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McNally Smith's bankruptcy closes major sale, but students and faculty owed money still in limbo

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McNally Smith College of Music.
McNally Smith College of Music on Dec. 15, 2017.
Jay Gabler | MPR

Ronald Pfuhl's daughter was a student at McNally Smith College of Music when it abruptly closed in December.

  While his daughter, Nichole, quickly found another school, Concordia University, St. Paul, Pfuhl was out the $12,000 he paid for spring semester — money he'd been saving since before she was born.

  When the school initially filed for bankruptcy, he was hopeful.  

"The assets far outweighed what was owed, and I had some high hopes that I would be paid in full," he said.  

Those initial filings showed the school to have assets estimated at $10 million to $50 million, and owing less than $10 million. Ramsey County valued the building at 19 Exchange Street in downtown St. Paul at $13.6 million in 2017.  

Those numbers turned out to be much rosier than the reality.  

"From what I've seen, it seems like a lot of the money just isn't there anymore," Pfuhl said.   

The last graduation ceremony at McNally Smith College of Music
The last graduation ceremony at McNally Smith College of Music took place Saturday, Dec. 16, 2017.
Peter Cox | MPR News

Here's what happened with the school's assets:  

Exchange Street Partners bought the mortgage on the building for about $2.8 million. The mortgage is actually now worth around $4.5 million.

  In order to pay them, and other creditors off, the trustee would have to get more than $4.5 million from the sale of the building.  

Federally appointed trustee Patti Sullivan said adding to that financial strain, the building's maintenance and interest were costing about $50,000 each month. "It was really a rock and a hard spot." 

  Sullivan tried to find a buyer for the building. But no one offered a bid.

  Ultimately, she and Exchange Street Partners struck a deal. Exchange Street Partners would release the school from its $4.5 million mortgage, and Exchange Street would take ownership of the building. The ownership group also agreed to take on three mechanics liens and a Small Business Administration loan. That deal takes care of the secured creditors in the case.  

What's left are the unsecured creditors made up of former employees, contractors owed money, among others, who will be paid from the proceeds of auctions of school property, such as musical instruments and office equipment.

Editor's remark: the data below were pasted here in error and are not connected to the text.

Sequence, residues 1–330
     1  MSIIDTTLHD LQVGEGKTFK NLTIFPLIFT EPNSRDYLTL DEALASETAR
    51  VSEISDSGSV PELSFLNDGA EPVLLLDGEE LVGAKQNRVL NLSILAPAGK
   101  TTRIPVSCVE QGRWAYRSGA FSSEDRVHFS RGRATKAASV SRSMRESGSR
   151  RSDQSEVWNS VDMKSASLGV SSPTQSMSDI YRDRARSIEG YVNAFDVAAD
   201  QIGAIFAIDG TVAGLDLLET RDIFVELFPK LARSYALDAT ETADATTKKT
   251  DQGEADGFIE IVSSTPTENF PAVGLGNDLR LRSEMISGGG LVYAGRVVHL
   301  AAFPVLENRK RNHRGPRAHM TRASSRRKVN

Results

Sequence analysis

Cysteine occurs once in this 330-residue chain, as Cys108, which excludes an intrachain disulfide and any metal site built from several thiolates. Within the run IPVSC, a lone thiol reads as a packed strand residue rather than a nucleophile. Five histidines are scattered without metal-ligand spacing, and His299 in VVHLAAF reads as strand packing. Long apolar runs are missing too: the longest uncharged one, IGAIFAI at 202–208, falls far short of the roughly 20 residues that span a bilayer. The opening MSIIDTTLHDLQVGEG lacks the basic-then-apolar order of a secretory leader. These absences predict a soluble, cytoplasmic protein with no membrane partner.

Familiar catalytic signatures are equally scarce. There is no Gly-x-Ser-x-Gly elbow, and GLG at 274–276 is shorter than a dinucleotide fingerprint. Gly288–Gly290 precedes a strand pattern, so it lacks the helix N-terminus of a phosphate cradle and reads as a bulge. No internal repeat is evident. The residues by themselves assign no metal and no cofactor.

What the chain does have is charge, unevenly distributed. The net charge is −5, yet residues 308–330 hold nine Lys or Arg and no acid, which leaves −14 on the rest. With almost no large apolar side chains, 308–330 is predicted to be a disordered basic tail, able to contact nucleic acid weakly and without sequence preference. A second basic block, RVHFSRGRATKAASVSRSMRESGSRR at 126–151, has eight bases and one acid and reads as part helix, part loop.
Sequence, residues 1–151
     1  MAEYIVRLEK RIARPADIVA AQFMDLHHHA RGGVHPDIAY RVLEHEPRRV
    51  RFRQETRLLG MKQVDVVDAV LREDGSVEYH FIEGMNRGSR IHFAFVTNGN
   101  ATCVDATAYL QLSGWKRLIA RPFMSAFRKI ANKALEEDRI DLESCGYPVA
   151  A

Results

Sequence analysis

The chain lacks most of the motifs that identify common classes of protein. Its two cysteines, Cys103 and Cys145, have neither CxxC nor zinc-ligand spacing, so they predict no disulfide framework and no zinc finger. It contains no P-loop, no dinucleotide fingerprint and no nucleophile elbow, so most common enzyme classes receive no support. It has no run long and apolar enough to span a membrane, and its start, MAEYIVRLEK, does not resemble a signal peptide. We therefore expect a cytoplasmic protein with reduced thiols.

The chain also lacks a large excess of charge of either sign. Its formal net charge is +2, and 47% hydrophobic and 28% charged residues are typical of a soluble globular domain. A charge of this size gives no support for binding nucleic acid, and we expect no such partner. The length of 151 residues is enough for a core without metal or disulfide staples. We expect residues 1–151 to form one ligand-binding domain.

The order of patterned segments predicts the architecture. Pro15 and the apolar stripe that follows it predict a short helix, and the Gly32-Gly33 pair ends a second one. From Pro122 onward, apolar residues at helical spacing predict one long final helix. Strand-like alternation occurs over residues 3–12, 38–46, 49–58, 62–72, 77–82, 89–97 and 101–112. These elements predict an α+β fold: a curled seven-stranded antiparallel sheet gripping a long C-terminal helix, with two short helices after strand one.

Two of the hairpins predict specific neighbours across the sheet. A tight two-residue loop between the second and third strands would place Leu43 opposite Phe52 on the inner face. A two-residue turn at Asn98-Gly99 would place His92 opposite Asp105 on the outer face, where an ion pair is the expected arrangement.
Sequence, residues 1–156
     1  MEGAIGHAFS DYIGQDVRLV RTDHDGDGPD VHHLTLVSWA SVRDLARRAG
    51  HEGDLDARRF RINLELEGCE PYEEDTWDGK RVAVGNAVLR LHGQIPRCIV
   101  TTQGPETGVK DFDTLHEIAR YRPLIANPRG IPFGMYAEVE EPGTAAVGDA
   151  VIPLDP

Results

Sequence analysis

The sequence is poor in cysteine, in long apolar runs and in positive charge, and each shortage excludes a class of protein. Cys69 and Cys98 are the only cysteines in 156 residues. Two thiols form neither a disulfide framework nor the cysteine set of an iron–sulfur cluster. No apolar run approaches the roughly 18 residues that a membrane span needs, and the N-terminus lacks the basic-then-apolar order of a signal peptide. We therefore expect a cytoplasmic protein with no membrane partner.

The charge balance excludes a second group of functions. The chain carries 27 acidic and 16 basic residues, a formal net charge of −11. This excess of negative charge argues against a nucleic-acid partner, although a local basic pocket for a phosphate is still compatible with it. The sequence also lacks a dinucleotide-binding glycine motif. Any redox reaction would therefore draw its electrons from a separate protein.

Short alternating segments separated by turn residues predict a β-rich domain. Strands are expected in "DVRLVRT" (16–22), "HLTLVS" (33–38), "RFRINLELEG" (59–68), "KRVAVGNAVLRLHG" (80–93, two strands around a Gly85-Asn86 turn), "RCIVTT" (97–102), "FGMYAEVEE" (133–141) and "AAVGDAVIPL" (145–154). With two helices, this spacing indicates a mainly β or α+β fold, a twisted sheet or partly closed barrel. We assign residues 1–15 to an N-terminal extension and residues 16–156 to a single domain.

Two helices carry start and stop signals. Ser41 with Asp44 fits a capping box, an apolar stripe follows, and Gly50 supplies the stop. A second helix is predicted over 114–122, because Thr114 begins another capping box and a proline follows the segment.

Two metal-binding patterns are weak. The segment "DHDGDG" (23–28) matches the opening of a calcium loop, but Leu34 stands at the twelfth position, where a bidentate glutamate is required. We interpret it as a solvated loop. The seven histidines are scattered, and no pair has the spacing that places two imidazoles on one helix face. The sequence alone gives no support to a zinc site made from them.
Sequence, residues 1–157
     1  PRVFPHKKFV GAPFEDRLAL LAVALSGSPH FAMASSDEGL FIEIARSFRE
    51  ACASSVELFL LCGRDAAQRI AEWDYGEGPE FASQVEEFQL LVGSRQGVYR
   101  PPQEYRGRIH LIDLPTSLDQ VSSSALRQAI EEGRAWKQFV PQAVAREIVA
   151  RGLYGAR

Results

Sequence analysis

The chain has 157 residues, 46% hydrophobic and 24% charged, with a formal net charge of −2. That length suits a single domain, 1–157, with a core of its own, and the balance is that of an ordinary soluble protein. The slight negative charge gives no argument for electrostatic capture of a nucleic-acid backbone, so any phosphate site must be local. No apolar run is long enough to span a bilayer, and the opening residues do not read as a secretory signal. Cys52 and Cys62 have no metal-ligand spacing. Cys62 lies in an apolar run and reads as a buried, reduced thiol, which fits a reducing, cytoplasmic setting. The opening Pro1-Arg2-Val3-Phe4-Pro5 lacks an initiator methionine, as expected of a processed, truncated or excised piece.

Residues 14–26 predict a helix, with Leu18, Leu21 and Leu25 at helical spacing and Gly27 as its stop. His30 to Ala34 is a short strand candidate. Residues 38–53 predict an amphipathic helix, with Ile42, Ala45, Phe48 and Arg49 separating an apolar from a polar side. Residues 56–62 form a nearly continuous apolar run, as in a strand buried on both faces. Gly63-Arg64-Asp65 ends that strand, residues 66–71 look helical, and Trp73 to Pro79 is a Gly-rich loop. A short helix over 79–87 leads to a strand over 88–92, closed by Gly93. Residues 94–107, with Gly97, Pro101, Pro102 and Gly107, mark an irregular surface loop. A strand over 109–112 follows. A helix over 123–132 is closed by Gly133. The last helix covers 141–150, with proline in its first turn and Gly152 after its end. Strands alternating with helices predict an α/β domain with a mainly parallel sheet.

"The recent auction brought in just under a million dollars, it was about $909,000, for the personal property," Sullivan said. The new building owners also purchased some property in the building for $60,000.

  Those funds will first go to pay priority unsecured creditors, such as faculty, staff and student workers who were not paid for their last weeks of work. Sullivan is still looking into it, but believes those, like Ronald Pfuhl, who paid tuition, will also be priority creditors.   

But that pool of money will also have to cover more than $200,000 in expected administrative costs like attorneys, auctioneers and the trustee. But Sullivan said there might be some additional assets that can be recovered.  

"I certainly am trying to help the students and professors and so even though the auction is over, I'm certainly still not done exploring other avenues of asset recovery," she said.   

Sullivan is still wading through and verifying the more than 240 claims made by unsecured creditors.   

She hopes some distributions can be made to creditors by the end of the year.

  As for the former McNally Smith building, that also houses the History Theater, Todd Geller, a director with Exchange Street Partners, said there is no immediate plan for the property.   

In an emailed statement he wrote, "We are in the process of developing a marketing plan that will effectively expose it to prospective tenants and users in the Twin Cities marketplace and best maximize the property's potential.  With the redevelopment of the property, we are certainly interested in contributing to the continued vibrancy of downtown, and the greater St. Paul community."  

St. Paul's Planning and Economic Development office did not respond to requests for comment about the future of the property.